Ethical obligation, according to the Saviour's teachings, is enforced by the yet higher religious obligation. Our duties to men are really a part cf Our all-comprehensive duty to God. Why must I love my neighbor as myself? If it be placed on utilitarian grounds, meaning personal utility, then I ought to love my neighbor as myself because it will benefit me, that is, because I love myself better than my neighbor. If the utility consulted be general, then why ought I to care as much for the general good as for my own? We arc back where we started. Herbert Spencer, with all the ability and earnestness shown in his "Data of Ethics,'' makes a reply which I think men in general cannot recognize as philosophically conclusive or practically cogent. Natural sympathy with others, we are, told, if frequently exercised, hardens by force of habit into altruism, a sense of obligation to others. Is that all? Nay, I must love my neighbor as myself because I am the creature and the child of God, whom I must love with all my heart, more than my neighbor and more than myself. Shall we then, it may be asked, accuse every man who is not definitely religious of being gravely immoral ? Nay, individual moral convictions may be largely the result of inheritance, education and present environment, and may subsist notwithstanding the individual lack of those religious convictions which are their proper, and, as a general fact, their actual support.

Observe further that Jesus not only tells us what we ought to do, but shows how we may be able to do so. He presents in his own character and life an inspiring example, satisfying our noblest ideal of morality, and yet conforming itself to the conditions of our own existence. He tells how we may obtain divine assistance in obeying his precepts.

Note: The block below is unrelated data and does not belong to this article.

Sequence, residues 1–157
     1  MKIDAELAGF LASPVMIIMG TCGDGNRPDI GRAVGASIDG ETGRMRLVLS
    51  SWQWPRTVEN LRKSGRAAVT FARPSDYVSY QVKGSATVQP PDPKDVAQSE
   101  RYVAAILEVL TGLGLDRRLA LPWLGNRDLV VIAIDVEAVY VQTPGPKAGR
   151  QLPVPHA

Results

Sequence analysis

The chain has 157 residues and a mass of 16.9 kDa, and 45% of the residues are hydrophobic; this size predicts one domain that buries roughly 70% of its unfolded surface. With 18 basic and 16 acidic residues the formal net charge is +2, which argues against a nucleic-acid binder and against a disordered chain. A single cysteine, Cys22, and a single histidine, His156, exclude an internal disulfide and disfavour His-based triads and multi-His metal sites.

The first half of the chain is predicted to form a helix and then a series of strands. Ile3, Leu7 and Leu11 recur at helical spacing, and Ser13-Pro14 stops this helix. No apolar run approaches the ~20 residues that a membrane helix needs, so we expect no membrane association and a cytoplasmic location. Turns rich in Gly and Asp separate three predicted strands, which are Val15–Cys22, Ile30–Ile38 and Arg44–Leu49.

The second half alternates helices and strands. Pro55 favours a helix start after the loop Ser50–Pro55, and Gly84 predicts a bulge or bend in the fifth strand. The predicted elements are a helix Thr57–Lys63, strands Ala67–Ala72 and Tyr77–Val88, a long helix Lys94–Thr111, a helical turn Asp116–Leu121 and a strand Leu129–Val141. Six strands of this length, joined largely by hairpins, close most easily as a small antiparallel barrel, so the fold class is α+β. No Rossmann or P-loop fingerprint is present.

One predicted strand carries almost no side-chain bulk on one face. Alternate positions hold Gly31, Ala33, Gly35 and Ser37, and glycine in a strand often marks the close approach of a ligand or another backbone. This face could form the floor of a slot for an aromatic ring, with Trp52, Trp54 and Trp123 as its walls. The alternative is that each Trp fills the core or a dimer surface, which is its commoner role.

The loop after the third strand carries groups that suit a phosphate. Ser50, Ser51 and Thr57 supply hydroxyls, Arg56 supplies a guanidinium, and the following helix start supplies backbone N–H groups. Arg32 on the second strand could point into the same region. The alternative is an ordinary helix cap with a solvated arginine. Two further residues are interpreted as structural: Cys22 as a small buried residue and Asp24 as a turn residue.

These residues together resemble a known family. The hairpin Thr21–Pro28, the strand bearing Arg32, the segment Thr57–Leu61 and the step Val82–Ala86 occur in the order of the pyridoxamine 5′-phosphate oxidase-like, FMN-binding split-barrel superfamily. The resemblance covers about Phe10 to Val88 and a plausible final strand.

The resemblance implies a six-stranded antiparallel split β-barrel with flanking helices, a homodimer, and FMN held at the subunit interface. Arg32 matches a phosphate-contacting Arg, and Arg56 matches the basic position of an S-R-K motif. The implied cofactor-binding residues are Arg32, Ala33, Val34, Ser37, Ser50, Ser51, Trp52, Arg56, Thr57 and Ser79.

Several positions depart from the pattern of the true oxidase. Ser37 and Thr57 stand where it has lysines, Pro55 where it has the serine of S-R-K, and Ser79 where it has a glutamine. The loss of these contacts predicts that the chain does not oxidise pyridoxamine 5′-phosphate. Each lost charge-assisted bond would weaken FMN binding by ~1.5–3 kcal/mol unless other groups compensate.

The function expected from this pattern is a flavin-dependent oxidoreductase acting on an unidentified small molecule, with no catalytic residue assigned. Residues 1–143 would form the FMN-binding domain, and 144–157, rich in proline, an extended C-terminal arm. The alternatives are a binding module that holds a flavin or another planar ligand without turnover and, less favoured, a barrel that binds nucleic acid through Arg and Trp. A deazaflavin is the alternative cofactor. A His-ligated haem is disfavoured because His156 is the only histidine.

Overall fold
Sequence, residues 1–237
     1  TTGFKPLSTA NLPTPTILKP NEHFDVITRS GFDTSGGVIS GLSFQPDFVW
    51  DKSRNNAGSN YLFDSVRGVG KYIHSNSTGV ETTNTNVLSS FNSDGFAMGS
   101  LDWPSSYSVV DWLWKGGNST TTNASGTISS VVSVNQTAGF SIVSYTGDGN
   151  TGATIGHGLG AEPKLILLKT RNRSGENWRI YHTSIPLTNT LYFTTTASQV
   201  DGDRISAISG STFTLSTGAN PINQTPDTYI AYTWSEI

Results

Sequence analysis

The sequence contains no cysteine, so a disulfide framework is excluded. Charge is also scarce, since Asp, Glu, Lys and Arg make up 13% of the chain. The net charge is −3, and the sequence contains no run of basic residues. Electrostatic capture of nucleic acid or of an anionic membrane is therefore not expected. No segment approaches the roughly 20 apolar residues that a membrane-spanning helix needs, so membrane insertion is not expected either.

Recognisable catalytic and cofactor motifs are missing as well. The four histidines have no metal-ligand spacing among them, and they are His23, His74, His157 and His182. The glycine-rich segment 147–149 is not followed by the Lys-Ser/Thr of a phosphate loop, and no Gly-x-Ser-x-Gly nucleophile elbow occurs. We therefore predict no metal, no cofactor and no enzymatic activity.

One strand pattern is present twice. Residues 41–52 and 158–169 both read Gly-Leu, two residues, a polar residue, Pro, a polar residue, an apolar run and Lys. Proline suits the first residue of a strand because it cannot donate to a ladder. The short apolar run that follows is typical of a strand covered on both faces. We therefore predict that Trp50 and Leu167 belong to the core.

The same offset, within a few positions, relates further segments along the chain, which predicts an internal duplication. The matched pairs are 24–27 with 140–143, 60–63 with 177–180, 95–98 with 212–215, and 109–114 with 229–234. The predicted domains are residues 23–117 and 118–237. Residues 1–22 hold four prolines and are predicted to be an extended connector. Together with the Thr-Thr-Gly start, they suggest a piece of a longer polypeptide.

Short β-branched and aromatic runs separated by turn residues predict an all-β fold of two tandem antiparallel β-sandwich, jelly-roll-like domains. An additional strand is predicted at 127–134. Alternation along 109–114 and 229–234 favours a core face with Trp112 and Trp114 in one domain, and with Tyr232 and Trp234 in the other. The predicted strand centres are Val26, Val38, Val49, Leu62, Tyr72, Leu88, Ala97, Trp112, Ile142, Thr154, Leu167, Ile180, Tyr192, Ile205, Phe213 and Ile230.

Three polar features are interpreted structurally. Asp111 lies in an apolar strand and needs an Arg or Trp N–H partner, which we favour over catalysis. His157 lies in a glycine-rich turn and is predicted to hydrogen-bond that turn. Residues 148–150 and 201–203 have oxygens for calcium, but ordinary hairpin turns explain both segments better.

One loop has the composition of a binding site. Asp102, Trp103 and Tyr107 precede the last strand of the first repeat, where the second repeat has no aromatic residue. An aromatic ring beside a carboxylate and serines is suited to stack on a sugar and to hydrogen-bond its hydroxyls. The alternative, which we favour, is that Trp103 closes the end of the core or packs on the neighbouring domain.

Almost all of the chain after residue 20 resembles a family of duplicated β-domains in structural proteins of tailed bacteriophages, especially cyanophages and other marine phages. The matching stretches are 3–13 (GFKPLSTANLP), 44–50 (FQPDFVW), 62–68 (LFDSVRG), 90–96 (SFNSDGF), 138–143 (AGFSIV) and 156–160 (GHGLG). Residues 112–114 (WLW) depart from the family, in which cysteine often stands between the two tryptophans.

Many other teachers have given wholesome precepts, but left men to keep them in their unaided strength. Jesus tells of a divinely-wrought change so thorough as to be called a new birth, of a divine spiritual help which our heavenly Father will readily give. It is in this, and not simply in the great superiority of his precepts, that we find the unapproachable excellence of the Christian ethics.

In connection with this point we must remember that Jesus constantly pre-supposes the sinfulness of human nature. Many ethical precepts, and even whole systems of ethics, appear to assume that men have no particular bias toward evil. But it is far otherwise with him; and he meets the demands of the situation by providing atonement, renewal and divine sanctification.

Another thing quite without parallel is the unique authority which these ethical instructions derive from the faultless life and character of the Teacher himself. Every other instructor in morals comes manifestly short of his own standard, as indeed befalls the teacher in every other department of practical human exertion. Even the lessons given by the best parents to their children are subject to inevitable discount on account of the faults in parental character and conduct of which the children are aware and the parents are conscious. Here alone among all moral instructors the example is absolutely equal to the precept.